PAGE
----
GOOD VS. BAD EMF SCIENCE
Mar 07, 2023
EMFs come from both natural and artificial sources. Most scientists and regulatory bodies concur that low-frequency EMFs are not particularly hazardous to human health.
However, other researchers provide early evidence that prolonged usage may pose a considerable risk, particularly to the brain's neurological system and cognitive function.
Human DNA and cells are known to be harmed by high-frequency EMF exposure at high levels. Most exposure occurs in modest doses. However, you'll rarely encounter exposure levels that might jeopardize your health daily.
Knowing that EMFs exist and being careful with your exposure is the best action. This study area will likely flourish as our reliance on wireless technology and labor-saving machinery grows. Watch the news for fresh developments in science.
It's undeniable that life is, at the very least, easier in many respects. Unfortunately, we now have to deal with uncommon diseases, if not altogether unknown, a century ago. The cost that such achievements are placing on our health has received very little attention, even while our technology is taking us to new heights. And it wasn't until later that attention was paid to the risks connected with the very "conveniences" that were supposed to improve our lives.
Studies have proven that electromagnetic frequencies impact the body's numerous activities.
Researchers discovered a connection between electrical power lines and childhood leukemia in the 1970s, setting off a riot in small towns across America. It was discovered that power lines create electromagnetic fields (EMFs) that have the potential to cause cancer in youngsters, much like all electrical equipment. Since this finding, many scientists have focused on figuring out how much impact EMFs have on our health.
Miscarriage, birth abnormalities, breast cancer (in both men and women), adult and pediatric leukemia, depression, suicide, Alzheimer's disease, Parkinson's disease, Lou Gehrig's disease, and ALS are just a few the health issues that EMFs have been related to.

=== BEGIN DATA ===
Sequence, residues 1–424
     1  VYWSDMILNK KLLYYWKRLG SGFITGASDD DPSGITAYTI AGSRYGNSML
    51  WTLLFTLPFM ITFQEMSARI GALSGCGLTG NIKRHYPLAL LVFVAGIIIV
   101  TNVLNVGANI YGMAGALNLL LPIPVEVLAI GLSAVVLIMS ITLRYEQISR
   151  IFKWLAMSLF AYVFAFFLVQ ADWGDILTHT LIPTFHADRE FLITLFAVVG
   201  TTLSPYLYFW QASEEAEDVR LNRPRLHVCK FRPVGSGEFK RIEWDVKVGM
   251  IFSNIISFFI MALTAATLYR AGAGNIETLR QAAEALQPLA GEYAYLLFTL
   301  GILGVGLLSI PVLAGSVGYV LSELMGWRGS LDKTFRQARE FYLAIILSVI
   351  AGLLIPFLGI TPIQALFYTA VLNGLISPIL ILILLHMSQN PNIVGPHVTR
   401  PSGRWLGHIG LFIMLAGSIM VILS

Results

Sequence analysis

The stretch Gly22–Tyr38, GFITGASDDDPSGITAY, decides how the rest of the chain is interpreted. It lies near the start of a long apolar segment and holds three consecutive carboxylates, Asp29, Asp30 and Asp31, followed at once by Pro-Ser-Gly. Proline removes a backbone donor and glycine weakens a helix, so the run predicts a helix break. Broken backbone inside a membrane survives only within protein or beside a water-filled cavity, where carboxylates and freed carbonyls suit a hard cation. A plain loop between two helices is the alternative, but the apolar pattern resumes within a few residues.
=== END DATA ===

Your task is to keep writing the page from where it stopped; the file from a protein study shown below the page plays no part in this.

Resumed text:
According to researchers, EMFs may not directly hurt people but cause subtle changes in the body that might result in major illnesses. The impact of EMFs on the melatonin hormone in the body has been the subject of extensive investigation.
Melatonin, a powerful antioxidant that aids in the prevention of cancer, Alzheimer's disease, Parkinson's disease, diabetes, and heart disease, is secreted by the pineal gland in the center of the brain. It regulates sleep and waking cycles, strengthens the immune system, lowers cholesterol and blood pressure, and lowers cholesterol levels.
According to studies, exposure to EMFs can prevent the body from secreting melatonin. Depression and suicide may result from EMF exposure's effect on melatonin levels.
EMF exposure makes it more difficult for medications to attach to the estrogen receptor, which allows cancer cells to multiply.
EMF radiation can also raise the body's free radicals, which wreak havoc on the DNA-damaged cells.
Therefore, even though EMFs come from natural sources, the world we live in now has a lot of artificial EMFs that are overwhelming our bodies.